Soccer's Uglies- From Dead Rats to Deadly Riots
Last week’s soccer match between Danish rivals FC Copenhagen and Brondby IF introduced the latest form of fan misbehavior- tossing dead rats on the field.
Vile but harmless, hurling lifeless rodents on the pitch is still a benign act by historical standards for the world’s most popular sport.
Even pigs fly in heated soccer matches. At a 2002 game between bitter enemies Barcelona and Real Madrid, enraged fans who felt betrayed by star player Luis Figa’s move from Barca to Madrid, threw a pig’s head on the field.
From the Latin fanaticus, translating to “insanely but divinely inspired”, fan misconduct at sporting events is as old as the spirit of competition.
But when the atmosphere becomes unruly, impassioned fans can resort to more than just animal carcasses. Soccer violence is universal just like the game itself, and on occasion turns deadly.
British hooliganism reached its peak at the 1985 EuroCup Final when Liverpool met Juventus at Heysel Stadium in Brussels.
Following a period of stone throwing exchanges inside the poorly maintained arena, 39 people suffocated to death when English fans stormed the Italian side and chased a fleeing crowd (photo above) against a retaining wall.
For the next five years, English clubs were banned from participating in the continent's competitions; Liverpool was disallowed for an additional year.
More recently in 2012, over 70 people were killed in Egypt at a riot following a match between the country’s El Masry and El Ahly soccer teams. Due to political reasons as well, the government shut down the domestic league for two years.
Poor crowd control and inadequate facility management exacerbated fatalities at most stadium incidents.
The deadliest match recorded in soccer history took place in 1964 when Peru hosted Argentina in a qualifying round for the Tokyo Olympic tournament. A controversial call against Peru sent angry fans into the field where they were met by police. Pandemonium ensued as tear gas was fired inside the stadium, while spectators were crushed against exit gates that were locked. 328 people were killed.
Thirty seven years later in 2001, similar mayhem broke out in Ghana when the country’s two most prominent teams, the Asante Kotoko and Accra Hearts, took to the field. Despite extra security, violence between fans led to police intervention and a massive exit stampede. 126 spectators were killed in what became Africa’s worst sporting disaster.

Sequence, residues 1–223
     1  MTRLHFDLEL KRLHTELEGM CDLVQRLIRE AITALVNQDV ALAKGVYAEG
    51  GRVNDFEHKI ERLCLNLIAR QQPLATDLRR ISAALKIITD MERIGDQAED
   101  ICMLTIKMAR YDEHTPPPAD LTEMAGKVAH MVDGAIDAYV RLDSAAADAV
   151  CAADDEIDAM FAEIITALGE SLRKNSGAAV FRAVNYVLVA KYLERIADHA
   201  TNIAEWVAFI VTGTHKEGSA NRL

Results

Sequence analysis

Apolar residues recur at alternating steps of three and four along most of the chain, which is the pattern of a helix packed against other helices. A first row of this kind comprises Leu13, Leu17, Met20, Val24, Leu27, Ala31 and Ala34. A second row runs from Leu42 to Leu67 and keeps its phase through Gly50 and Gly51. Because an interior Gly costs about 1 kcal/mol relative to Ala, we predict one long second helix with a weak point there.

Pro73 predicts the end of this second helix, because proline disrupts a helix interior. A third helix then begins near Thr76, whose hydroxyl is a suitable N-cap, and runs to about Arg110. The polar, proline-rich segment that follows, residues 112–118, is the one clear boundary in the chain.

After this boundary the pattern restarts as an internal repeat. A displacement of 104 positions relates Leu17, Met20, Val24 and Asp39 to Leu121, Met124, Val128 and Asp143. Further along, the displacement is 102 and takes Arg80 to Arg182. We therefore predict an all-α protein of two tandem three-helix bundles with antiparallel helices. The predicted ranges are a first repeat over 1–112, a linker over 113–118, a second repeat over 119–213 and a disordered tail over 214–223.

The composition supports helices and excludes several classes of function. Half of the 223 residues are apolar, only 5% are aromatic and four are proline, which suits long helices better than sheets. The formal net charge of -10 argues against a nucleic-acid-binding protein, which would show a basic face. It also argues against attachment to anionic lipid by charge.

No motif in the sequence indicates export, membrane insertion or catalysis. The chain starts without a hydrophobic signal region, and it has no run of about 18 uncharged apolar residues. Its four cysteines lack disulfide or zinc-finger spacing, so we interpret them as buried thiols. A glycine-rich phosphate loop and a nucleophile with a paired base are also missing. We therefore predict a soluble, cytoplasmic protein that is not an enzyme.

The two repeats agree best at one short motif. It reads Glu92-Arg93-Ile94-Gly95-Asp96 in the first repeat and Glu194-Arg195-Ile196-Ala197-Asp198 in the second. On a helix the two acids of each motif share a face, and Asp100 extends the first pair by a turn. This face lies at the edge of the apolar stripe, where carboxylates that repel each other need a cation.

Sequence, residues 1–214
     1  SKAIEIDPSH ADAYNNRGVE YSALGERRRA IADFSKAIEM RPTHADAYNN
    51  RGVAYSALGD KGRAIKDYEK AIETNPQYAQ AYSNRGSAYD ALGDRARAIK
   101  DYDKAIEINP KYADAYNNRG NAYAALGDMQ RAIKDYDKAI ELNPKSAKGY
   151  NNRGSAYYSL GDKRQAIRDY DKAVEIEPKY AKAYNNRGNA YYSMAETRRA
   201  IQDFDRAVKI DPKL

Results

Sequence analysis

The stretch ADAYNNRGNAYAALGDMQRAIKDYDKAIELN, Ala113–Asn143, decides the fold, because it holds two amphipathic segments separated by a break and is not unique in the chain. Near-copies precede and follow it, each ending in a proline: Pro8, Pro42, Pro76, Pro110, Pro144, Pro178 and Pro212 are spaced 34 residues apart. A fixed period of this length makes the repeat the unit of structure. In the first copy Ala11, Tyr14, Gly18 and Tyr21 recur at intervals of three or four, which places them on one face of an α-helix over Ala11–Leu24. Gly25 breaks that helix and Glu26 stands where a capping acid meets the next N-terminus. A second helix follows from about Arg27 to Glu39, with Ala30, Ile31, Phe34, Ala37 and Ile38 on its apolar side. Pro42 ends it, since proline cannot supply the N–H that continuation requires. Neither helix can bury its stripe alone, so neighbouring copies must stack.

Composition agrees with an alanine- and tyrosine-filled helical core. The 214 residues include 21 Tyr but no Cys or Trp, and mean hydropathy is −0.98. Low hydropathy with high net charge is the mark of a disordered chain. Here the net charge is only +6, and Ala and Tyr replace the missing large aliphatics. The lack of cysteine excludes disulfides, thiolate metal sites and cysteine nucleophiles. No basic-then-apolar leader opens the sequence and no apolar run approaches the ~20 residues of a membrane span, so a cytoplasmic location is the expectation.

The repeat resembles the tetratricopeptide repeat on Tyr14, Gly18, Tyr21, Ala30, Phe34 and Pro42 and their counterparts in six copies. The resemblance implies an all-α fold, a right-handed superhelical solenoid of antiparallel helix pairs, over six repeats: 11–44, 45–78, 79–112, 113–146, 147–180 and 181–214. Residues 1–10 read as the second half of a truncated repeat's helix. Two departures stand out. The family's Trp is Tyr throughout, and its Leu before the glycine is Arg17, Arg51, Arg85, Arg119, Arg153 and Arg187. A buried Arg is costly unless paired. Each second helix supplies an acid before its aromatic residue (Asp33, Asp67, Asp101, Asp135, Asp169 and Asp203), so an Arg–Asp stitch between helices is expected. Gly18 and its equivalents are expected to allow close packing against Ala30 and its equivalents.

Europe’s deadliest soccer match, initially attributed to fan misbehavior, ended up as an indictment against police incompetence.
In 1989, Liverpool and Nottingham Forest faced off in a semi-final match at Hillsborough Stadium in neutral Sheffield. 96 fans were crushed to death when gates were opened on the Liverpool spectators side to allow more people into an already overcrowded pen area.
Police insisted that hooliganism and excessive drinking were responsible for the disaster, but years of persistent investigations by families of those killed proved otherwise.
As late as 2016, twenty seven years after the Hillsborough tragedy unfolded, families were vindicated when a jury ruled that the victims were “unlawfully killed” and that Liverpool supporters played no part in the disaster.
SPECIAL OLYMPICS August 11, 2009 Eunice Shriver, sister of former President John F. Kennedy and founder of the Special Olympics, dies the age of 88. Shriver was awarded the Presidential Medal of Freedom in 1984 for founding a sports organization dedicated to persons with physical and intellectual disabilities. The Special Olympics today serves 5 million athletes around the world.
SOCCER August 3, 1999 French striker Thierry Henry joins Arsenal FC after a brief stint with Juventus. Henry became Arsenal’s all-time leading scorer with 218 goals and two FA Cups. He was a member of France’s 1998 World Cup winning team and the 2006 runner-up squad that lost to Italy in a penalty shoot-out. One of the greatest attackers in the game, Henry also played for Barcelona and NY Red Bulls.
MOTOR RACING August 3, 1989 Formula One racer, Jules Bianchi, is born in Nice, France. Making his debut in 2013 as a driver for Marussia, he finished 15th in his opening race at the Australian Grand Prix. Only a year later, the young driver would crash at the Japanese Grand Prix and remain comatose until his death in July, 2015. His F1 fatality was the first since Ayrton Senna perished 21 years earlier.
GOLF August 3, 1979 Sam Snead becomes the oldest player at 67 to make the cut at the PGA Championship. The three-time champion who had won in 1942, 1949 and 1951 finished 42nd with a score of 288 (+8). Australian David Graham claimed the event, firing 272 (-8). Snead continued playing until 1987 when he retired with 82 PGA Tour victories, including seven majors: 3 Masters, 3 PGA’s and 1 Open.